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Dragon Sword Game Helps NetEase Surpass Tencent: China Overnight

March 03, 2013

Dragon Sword Game Helps NetEase Surpass Tencent

A file photo shows the NetEase Inc. website arranged for a photograph in Tokyo during February 2008. Photographer: Tomohiro Ohsumi/Bloomberg

NetEase Inc. (NTES:US), the operator of China’s second-largest online games website, rallied the most in a year last month as plans for new online titles prompted Morgan Stanley to boost profit estimates.

American depositary receipts of NetEase jumped (NTES:US) 10 percent in February, making it the fourth-best performer on the Bloomberg China-US Equity Index. (CH55BN) It beat Tencent Holdings Ltd. (700)’s 1.2 percent retreat in dollar terms and Shanda Games Ltd. (GAME:US)’s 1.6 percent slump. The China-U.S. gauge of the most-traded Chinese companies in the U.S. dropped for a fourth week, the longest stretch of declines in nine months, led by Ambow Education Holding Ltd. (AMBO:US)

NetEase said on Feb. 6 that it expects to start selling three new titles in the second half of the year, including Dragon Sword, a three-dimensional game in which large numbers of players compete within a virtual world, and Heroes of Three Kingdoms, a real-time action strategy game. Revenue, driven by new online titles, rose 14 percent in the fourth quarter. The new releases led Citigroup Inc. and Morgan Stanley to raise their 2013 earnings forecast by as much as 7 percent.

“This company will surely keep growing as it always has new self-developed games to offer,” Tian X. Hou, the founder of T.H. Capital LLC who rates the stock buy, said by phone from Beijing on March 1. “NetEase has the best research capability among all online gaming companies in China.”

ADRs of NetEase have surged 22 percent this year, the biggest gainer on the China-US gauge after online fashion store Vipshop Holdings Ltd. (VIPS:US) Hong Kong-traded Tencent, China’s largest Internet company by market value and also a web game operator, has climbed 7.9 percent in 2013.

Beating Estimates

NetEase, which earned 88 percent of its 2012 sales from online games, said fourth-quarter profit (NTES:US) rose 12 percent from a year earlier to $1.23 for each ADR, beating the $1.08 mean forecast of seven analysts surveyed by Bloomberg.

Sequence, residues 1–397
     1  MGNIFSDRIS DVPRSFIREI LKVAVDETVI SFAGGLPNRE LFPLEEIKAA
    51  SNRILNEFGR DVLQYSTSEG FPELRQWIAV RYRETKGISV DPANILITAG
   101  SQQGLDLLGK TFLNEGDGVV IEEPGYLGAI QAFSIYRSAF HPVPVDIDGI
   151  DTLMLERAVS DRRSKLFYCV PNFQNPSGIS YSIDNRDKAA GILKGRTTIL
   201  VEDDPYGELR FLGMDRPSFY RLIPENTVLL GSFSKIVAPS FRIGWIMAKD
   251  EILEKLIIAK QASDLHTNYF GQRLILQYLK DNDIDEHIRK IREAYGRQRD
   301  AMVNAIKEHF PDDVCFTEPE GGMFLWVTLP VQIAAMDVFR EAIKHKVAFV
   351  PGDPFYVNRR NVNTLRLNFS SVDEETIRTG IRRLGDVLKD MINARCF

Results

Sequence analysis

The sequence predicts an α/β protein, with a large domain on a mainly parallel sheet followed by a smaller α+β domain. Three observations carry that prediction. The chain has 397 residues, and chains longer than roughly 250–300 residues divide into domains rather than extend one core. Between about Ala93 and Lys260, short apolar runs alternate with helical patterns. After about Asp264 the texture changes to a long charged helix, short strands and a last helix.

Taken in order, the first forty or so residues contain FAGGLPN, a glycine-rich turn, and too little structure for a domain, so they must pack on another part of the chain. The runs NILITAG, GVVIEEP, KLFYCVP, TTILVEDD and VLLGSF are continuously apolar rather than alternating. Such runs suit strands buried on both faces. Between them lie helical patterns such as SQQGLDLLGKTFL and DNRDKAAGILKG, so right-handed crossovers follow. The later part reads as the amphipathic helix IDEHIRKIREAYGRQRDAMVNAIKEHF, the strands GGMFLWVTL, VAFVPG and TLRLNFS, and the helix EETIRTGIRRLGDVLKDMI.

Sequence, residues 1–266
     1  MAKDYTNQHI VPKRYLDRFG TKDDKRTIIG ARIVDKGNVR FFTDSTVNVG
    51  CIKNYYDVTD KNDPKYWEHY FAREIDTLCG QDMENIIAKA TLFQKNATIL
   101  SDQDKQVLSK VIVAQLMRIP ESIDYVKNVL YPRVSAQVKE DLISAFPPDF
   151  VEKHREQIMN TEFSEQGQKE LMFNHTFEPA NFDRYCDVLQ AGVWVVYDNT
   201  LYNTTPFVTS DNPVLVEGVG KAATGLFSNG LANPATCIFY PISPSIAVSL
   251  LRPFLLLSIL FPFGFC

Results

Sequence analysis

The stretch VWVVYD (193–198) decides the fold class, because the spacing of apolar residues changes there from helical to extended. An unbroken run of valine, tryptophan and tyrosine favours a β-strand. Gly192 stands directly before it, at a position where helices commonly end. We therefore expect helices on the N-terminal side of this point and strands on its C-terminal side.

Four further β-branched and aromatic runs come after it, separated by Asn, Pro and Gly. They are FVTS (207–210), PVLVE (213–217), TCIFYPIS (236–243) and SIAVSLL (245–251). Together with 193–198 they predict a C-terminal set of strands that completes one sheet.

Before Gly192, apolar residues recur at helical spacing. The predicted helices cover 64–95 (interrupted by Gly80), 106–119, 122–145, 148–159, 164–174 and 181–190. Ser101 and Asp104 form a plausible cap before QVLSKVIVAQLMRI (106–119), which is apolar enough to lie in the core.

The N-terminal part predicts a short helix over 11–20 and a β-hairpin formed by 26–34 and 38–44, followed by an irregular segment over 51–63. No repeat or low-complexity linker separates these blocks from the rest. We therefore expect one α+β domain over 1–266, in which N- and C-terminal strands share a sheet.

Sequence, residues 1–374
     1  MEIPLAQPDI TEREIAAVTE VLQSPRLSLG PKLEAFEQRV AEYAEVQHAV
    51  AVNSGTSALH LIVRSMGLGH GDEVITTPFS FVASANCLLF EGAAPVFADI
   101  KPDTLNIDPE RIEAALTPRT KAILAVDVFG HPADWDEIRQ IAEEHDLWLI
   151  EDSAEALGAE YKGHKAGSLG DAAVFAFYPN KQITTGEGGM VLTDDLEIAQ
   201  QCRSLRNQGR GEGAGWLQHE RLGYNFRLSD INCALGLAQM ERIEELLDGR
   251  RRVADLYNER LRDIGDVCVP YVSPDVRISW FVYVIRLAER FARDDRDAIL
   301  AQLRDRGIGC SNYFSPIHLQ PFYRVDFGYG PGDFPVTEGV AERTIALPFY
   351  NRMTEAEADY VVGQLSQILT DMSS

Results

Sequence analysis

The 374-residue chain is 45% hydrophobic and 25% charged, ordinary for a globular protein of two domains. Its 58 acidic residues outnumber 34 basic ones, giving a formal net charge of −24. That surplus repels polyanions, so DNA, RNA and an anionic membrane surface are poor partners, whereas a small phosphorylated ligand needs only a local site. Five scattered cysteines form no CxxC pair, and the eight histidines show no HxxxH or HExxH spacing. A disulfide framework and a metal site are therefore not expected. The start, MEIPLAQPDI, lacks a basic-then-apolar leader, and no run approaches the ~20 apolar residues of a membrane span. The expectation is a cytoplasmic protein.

Morgan Stanley analysts raised their estimates for Beijing- based NetEase’s 2013 net income by 4 percent to 4.1 billion yuan in a note dated Feb. 7. That would indicate a 14 percent growth from its 2012 net income. Morgan Stanley reiterated a rating equivalent to buy on the stock, citing “rich pipeline, low valuation and strong cash flow.”

Citigroup lifted its estimate (NTES:US) for 2013 profit by 7 percent as Deutsche Bank AG raised its recommendation on NetEase to buy from hold.

Tencent Comparison

NetEase’s rally this year exceeded peers’ ranging from Shanghai-based Giant Interactive Group Inc. (GA:US), which has gained 15 percent, and Beijing-based Changyou.com Ltd. (CYOU:US), with an 11 percent advance.

NetEase also runs an online news portal, e-mail services and online educational courses, making its services comparable with those of Shenzhen, China-based Tencent, according to Hou at T.H. Capital. NetEase traded (NTES:US) at 9.9 times estimated earnings on March 1, compared with a multiple of 23 for Tencent.

NetEase’s valuation still has room to rise, according to Jeff Papp, a senior analyst at Oberweis Asset Management Inc., which owns shares of NetEase, Giant Interactive, and Changyou.

“NetEase has a bunch of other hidden assets like its e- mail service, which is likely not in the stock price,” he wrote by e-mail March 1 from Lisle, Illinois.

The Bloomberg China-US gauge of the most-traded Chinese companies in the U.S. lost 0.1 percent to 94.08.

Weak PMI

China’s official Purchasing Managers’ Index was 50.1 in February, the weakest level in five months, while a separate gauge from HSBC Holdings Plc and Markit Economics also dropped to a four-month low, a signal the nation’s economic recovery from a seven-quarter slowdown may be losing steam. The China-US gauge plunged 6.2 percent in February, the largest monthly decline since May, as concern grew policy makers will take steps to curb rising home prices.

The PMI “is a little off-putting,” Mark Luschini, chief investment strategist at Janney Montgomery Scott LLC, which manages $54 billion in assets including Chinese equities, said in a telephone interview from Philadelphia March 1. “It would be worrisome if we start to see any monetary tightening associated with that at a time when an economy looks like it began to re-accelerate.”

The iShares FTSE China 25 Index Fund (FXI:US), the largest Chinese exchange-traded fund (FXI:US) in the U.S., declined 0.9 percent to $38.60 for a weekly gain of 0.2 percent. The Standard & Poor’s 500 Index (SPX) fell 0.2 percent to 1,518.20 on March 1.

Ambow Education tumbled 31 percent to $1.13 last week. The company was sued by investors who accuse it of orchestrating a “fake acquisition” to facilitate an initial public offering in the U.S. It dropped 3.4 percent yesterday.

To contact the reporter on this story: Belinda Cao in New York at lcao4@bloomberg.net

To contact the editor responsible for this story: Emma O’Brien at eobrien6@bloomberg.net


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Companies Mentioned

  • NTES
    (NetEase Inc)
    • $101.31 USD
    • 0.90
    • 0.89%
  • GAME
    (Shanda Games Ltd)
    • $5.69 USD
    • -0.04
    • -0.7%
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